A collaborative project launched by Sliperiet maker space at Umeå University’s Arts Campus, has the ambitious goal of developing a technology to 3D print full-scale parts and houses out of cellulose.
Researchers as well as external partners are going to work on the SEK 35.3 million (approx. € 3.8 million) +Project, which has been partially funded by the EU.
“The idea of the project is to develop a technology that can be used in reinforcing the manufacturing industry in the region. For Sliperiet the project, entitled the +Project, is a part in the strategy of forming collaboration in an open and interdisciplinary innovative environment. Here, meetings and collaborations are created between various scientific areas and together with companies in the region,” explained Marlene Johansson, director of Sliperiet.
One of their sub goals is the production of cellulose based materials for full-scale 3D printing of walls or doors for example and, eventually, complete houses. The project is targeted at small and medium-sized industries in the construction and wood sector along with creative markets such as design, architecture and IT. In a collaborative effort companies and creators will work closely with the university and research institutes in order to develop prototypes for products and services based on the regional infrastructure and raw materials. Additionally, the team will explore new circular models for business and production and create a competence centre for sustainable building and administering. The results will be presented at a World Expo in 2018.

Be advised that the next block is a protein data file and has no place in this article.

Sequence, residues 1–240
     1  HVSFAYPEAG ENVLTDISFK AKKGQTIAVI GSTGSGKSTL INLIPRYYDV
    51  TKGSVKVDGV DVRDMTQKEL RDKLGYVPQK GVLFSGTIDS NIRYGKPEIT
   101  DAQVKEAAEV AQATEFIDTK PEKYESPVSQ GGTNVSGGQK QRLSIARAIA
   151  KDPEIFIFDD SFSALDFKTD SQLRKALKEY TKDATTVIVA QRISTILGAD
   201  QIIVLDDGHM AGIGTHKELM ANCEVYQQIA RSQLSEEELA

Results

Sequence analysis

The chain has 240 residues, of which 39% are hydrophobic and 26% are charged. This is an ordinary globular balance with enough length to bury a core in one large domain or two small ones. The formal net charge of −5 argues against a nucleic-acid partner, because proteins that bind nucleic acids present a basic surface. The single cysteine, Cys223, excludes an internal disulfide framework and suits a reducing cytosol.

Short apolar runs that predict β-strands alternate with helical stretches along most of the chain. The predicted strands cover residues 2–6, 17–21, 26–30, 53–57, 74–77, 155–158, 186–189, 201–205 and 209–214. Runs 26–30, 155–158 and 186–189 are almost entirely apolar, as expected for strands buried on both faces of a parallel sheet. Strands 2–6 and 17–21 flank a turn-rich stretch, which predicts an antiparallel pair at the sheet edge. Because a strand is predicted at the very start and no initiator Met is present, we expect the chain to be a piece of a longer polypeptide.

“There are rapid developments within the area of digital manufacturing in construction, with technology such as large scale cement 3D printers being developed. With our project, we hope to help put the region at the forefront of this innovation area. Digitalisation, and through it mass-customization, can provide incredibly exciting opportunities for the regional forest and construction industry, and create sustainable business opportunities based on our natural resources,” said Linnéa Therese Dimitriou, Creative Director at Sliperiet.
Only recently we reported on a Swedish research team from Chalmers University of Technology, who was able to 3D print objects made out entirely of cellulose for the first time.